The year’s first “supermoon” – when the full moon appears larger than normal – will be visible over Krakow this weekend if weather conditions remain relatively clear.
The phenomenon occurs when the Moon is at a near point to Earth in its orbit at the same time it is full, making it appear about 7% larger than its average size to a terrestrial observer. It generally occurs three or four times per year. The next one, coincidentally, will be next month, on March 9th.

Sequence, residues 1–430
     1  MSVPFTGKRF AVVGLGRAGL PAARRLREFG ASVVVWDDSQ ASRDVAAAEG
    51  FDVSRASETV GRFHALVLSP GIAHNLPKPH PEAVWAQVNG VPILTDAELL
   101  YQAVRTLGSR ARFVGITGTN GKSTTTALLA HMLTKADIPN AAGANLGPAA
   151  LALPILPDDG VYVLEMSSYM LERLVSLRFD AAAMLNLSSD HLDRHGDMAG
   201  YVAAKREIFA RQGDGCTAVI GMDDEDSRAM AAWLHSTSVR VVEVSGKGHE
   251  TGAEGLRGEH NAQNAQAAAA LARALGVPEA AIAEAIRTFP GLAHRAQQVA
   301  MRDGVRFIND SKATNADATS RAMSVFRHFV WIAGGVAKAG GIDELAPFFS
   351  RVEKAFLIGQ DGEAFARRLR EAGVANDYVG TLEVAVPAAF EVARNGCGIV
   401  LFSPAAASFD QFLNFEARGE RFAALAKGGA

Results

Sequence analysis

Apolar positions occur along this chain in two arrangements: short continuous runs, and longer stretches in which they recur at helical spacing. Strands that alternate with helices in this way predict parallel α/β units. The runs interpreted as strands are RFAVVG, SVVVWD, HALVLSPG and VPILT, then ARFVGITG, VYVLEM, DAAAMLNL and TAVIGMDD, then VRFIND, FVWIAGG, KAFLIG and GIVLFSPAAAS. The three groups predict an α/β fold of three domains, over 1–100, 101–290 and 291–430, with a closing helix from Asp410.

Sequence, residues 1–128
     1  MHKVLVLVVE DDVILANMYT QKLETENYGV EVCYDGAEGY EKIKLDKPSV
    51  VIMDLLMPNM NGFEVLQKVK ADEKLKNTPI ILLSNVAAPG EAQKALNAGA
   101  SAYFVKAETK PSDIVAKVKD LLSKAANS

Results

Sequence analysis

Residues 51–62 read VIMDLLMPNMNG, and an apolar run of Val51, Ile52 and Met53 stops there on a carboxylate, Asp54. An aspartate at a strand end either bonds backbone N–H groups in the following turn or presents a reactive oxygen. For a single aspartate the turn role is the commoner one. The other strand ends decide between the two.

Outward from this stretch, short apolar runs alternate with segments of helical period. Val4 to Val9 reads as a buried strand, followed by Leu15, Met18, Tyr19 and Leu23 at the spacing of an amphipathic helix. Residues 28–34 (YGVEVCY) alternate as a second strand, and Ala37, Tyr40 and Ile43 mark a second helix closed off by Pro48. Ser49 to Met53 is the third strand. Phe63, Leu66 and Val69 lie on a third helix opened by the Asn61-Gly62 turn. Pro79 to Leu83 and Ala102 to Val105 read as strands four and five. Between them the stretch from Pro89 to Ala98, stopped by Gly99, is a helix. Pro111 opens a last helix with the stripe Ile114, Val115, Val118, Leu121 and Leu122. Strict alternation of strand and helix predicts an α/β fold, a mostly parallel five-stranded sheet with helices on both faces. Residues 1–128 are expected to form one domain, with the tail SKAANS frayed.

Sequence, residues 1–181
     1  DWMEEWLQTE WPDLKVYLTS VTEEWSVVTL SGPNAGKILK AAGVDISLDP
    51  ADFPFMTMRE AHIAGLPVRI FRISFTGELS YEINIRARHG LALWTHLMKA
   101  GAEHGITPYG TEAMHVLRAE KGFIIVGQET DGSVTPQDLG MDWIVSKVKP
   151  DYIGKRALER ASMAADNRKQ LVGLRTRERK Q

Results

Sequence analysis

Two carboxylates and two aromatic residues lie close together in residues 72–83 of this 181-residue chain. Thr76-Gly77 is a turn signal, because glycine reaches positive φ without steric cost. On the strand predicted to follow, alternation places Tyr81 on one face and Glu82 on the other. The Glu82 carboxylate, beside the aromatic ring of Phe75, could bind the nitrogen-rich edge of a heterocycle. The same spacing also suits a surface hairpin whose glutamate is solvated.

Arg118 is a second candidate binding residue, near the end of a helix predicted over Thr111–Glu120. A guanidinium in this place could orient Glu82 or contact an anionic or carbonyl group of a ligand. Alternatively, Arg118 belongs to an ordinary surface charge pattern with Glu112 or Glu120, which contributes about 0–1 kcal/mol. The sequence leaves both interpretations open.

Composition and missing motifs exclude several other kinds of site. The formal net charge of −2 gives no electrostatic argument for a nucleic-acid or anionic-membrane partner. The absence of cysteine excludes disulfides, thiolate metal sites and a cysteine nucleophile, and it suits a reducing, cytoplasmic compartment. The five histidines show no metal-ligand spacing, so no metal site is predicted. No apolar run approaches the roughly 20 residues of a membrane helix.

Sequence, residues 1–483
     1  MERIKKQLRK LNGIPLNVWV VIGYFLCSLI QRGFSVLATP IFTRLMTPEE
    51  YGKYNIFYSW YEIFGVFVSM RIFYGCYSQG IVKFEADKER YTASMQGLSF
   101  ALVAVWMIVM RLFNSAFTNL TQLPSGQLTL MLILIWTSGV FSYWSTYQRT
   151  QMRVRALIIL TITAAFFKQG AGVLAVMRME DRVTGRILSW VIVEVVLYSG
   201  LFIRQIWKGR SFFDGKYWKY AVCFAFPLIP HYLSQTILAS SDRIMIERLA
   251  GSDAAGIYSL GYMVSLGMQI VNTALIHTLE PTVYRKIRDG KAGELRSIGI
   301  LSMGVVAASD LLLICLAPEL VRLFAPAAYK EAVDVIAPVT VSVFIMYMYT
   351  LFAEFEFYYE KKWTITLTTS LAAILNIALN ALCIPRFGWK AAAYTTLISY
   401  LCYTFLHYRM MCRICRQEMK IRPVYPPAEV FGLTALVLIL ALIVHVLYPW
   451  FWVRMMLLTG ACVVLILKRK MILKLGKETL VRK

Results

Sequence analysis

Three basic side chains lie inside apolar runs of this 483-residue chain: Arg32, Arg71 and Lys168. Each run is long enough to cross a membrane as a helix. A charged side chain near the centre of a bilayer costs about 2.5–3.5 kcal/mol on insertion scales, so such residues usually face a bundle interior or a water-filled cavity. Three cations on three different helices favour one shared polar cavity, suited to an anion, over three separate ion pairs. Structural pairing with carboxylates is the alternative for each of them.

Because this supermoon is occurring in February, it is variously called the “Snow Moon”, “Hunger Moon”, “Storm Moon”, “Black Bear Moon”, “Goose Moon”, or “Chinese Lantern Festival Moon”, depending on the tradition.
Despite being an interesting phenomenon for sky-watchers – the informal term “supermoon” was only coined in 1979 – scientists have found no evidence to support legends that the lunar event has any unusual effects on the Earth or the creatures living on it.